The scales can take 5-10 minutes. By this point, I will switch to a short easy piece or etude. Examples include “Andersen Op. 15”; Moyse “24 Little Melodic Pieces”; or duets from the Voxman books. I take this time to enjoy the sound and be less critical than I had been in my earlier warmup. Here I focus on dynamics, articulation patterns and musicality – looking more at contrast rather than trying to be ‘perfect‘.

The piece or etude will take another 5-10 minutes depending if there are variations or if I want to isolate any part of the exercise. The final part of my warmup is technique – I will focus on more precise or tricky articulation patterns, extreme dynamics especially with register, or tricky fingering patterns. Examples include Kujala’s “Vade Mecum”; Moyse “Scales and Arpeggios”; and or Taffanel and Gaubert #4, 10, 12. This final part of the warmup taking anywhere from 15-25 minutes.

This quarantine warmup can take about an hour, whereas, before quarantine I might not have had a full hour to spent just warming up I can take advantage of this time to focus on my weaker areas.

Let me know in the comments how you warmup, has it changed significantly since quarantine started? And what resources are you using in your warmup?

Hello! I’m Emma Piedilato, thank you for taking an interest in my blog. In this introductory post I will be giving an overview of what my current flute set-up as a graduate Master of Flute Performance student. This is my current set-up as of July 2020 which I’ve maintained since the 3rd year of my undergraduate degree several years ago.

I currently play on a Haynes, Weissman model flute. It is a handmade, custom flute that I bought pre-owned from the Flute Center of New York during my 1st year of undergrad in 2015. I’ve kept the original head joint which has a large squoval-cut hole, is made of silver, and has a 14K gold riser. The body is also silver, with Straubinger pads, a C# trill key, D# roller and B foot.

Getting a new flute (and making the jump from student to professional) meant that I had gone from a latch-style case to a french-style case. The different being that I now needed a case cover to properly carry my flute around. During my undergrad, the university would hold a Woodwind Day where vendors would come with limited stock for the students (usually at a discounted price). It was at one of these events that I bought my Jean Cavallaro case cover.

In 2017, I made the decision to add a LeFreque to my flute set-up. I made this choice after trialing several colleagues’ LeFreques of different materials and seeing (1) which metal I preferred and (2) if I really thought it would improve my sound quality. I eventually decided on the rose-gold plated, solid silver sound bridge. My recommendation is to try any flute product before buying it (especially if the price tag is expensive), and despite the varying opinions on LeFreques: I have used mine since 2017 to present day. Originally, I was struggling to adapt from a student Yamaha flute with a small oval lip hole to the Haynes Weissman flute with the large squoval lip hole. Getting low notes, overall control, and stability had been a challenge for about a year and a half since purchasing the flute. I do believe, in my case, the LeFreque was a tool in helping me bridge the physical gap between the two flutes – it is not a necessary tool for everyone, but is certainly is cheaper than buying an entirely new head joint.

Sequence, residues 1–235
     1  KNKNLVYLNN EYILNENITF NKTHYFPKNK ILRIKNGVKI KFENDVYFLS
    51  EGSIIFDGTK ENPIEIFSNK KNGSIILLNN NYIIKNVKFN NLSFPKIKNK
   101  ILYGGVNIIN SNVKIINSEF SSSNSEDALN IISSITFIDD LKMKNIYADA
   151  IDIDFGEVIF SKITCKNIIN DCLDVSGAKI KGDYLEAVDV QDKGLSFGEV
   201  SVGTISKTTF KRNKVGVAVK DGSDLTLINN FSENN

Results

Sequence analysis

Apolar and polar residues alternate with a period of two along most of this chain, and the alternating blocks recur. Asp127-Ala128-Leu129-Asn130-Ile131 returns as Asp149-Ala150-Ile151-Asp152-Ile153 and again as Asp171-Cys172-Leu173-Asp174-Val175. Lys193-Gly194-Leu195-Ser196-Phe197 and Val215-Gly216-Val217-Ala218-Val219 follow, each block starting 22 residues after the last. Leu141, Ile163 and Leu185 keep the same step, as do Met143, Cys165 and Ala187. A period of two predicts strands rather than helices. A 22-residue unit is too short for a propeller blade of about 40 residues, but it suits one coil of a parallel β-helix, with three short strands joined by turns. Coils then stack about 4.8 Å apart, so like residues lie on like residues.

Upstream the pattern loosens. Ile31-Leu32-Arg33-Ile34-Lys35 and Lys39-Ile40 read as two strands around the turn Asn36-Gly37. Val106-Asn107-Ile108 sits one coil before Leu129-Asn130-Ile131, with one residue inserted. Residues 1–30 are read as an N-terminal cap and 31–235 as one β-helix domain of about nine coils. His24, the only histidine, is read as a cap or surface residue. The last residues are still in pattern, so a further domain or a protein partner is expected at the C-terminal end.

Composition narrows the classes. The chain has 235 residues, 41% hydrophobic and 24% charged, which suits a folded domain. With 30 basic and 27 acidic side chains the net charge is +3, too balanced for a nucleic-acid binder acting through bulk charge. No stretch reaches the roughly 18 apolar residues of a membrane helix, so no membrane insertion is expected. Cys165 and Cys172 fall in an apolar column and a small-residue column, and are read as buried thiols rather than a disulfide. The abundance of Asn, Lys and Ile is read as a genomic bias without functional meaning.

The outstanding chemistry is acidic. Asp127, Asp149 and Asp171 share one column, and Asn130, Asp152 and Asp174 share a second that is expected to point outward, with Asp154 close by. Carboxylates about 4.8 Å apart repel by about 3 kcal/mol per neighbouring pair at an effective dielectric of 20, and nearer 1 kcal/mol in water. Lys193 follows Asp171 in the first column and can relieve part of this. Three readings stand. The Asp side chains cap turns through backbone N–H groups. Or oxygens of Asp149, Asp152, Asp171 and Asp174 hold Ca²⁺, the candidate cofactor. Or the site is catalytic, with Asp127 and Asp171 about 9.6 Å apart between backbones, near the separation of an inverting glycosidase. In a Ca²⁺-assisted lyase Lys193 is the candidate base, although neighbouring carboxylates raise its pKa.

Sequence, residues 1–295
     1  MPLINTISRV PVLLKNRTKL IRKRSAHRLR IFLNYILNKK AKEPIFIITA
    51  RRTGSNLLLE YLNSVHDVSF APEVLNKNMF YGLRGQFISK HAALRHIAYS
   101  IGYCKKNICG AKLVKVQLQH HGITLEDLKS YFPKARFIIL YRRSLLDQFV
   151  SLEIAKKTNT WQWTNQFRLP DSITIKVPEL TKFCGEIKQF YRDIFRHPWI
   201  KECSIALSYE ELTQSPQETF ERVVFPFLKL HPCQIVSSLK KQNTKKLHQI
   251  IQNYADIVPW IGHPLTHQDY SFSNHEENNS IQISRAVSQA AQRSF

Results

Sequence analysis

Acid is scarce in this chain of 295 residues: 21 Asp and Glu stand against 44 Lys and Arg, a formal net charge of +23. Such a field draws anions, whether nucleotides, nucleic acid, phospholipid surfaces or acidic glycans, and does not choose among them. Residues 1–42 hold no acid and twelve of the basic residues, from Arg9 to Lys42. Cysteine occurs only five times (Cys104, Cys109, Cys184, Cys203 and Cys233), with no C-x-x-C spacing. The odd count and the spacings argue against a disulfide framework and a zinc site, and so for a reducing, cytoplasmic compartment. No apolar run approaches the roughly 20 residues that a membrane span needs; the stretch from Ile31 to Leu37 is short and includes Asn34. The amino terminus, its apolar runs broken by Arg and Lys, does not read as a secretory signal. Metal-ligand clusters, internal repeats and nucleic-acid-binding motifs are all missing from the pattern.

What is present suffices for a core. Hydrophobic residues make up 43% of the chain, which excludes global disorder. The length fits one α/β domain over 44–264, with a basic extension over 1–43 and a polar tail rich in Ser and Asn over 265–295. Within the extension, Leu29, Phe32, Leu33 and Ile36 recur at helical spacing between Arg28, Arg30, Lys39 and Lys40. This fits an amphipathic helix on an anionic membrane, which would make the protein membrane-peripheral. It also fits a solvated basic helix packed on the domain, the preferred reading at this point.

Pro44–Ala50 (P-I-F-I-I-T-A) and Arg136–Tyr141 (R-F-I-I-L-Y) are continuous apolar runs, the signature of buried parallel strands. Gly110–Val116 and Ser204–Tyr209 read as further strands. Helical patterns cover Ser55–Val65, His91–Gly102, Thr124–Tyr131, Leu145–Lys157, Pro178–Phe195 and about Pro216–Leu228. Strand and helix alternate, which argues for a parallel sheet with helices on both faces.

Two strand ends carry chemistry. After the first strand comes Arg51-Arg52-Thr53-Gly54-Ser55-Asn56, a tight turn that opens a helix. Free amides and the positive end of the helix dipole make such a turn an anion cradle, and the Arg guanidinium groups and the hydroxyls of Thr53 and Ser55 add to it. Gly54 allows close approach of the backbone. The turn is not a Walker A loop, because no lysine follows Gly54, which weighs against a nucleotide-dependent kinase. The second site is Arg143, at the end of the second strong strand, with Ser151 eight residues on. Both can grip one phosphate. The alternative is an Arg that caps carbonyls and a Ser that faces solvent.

The original Haynes case my flute came in was not sturdy enough to support my flute. I found this out one long day during my undergrad when my flute (in the case) was knocked off a chair, no more than 2 feet of the ground, and resulted in a bent key. Over the following summer, I saved up my money to invest in a sturdy case recommended by my repair tech to decrease the amount of movement of the flute while in the case (it can’t be seen well in the attached photo, but my repair tech glued additional black felt inside the case to make the fit custom to my flute). The case I ended up getting was the Valentino B-foot Wood Case.

Over time, I began to accumulate all of the gadgets inside of my case… I made the transition from a flute rod and cloth to a Valentino flute flag the same time I bought the case. Quickly, the flute flag has become my favorite method for cleaning my flute – it is washable, and doesn’t fray like the interior cloths tend to do.

The pad paper has been part of my set up from day 1 – especially in New Jersey with our ridiculously high humidity, pad paper is essential!!!

The mini screw diver was studio gift from my undergraduate flute professor, although I never use it on the body, I do use it for the screw holding the D# roller on the foot joint does which I occasionally need to adjust; I always keep it with me for that emergency.

The coffee straw may seem like an odd thing to keep in my case, but I always keep one on me for when I am teaching. The validity of teaching students the approximate apperture size with a coffee straw is vital… also sometimes if I’m having a subpar playing day I use it to retrain myself.

Finally, I have an abundance of Beaumount cloths. I use one to rest my flute when I’m taking a short break from playing or taking a quick note to prevent dirt or dust from getting on the flute body or pads. And the other one I use for exterior cleaning.

What is your flute (or other instrument) set up? Let me know what you’re using.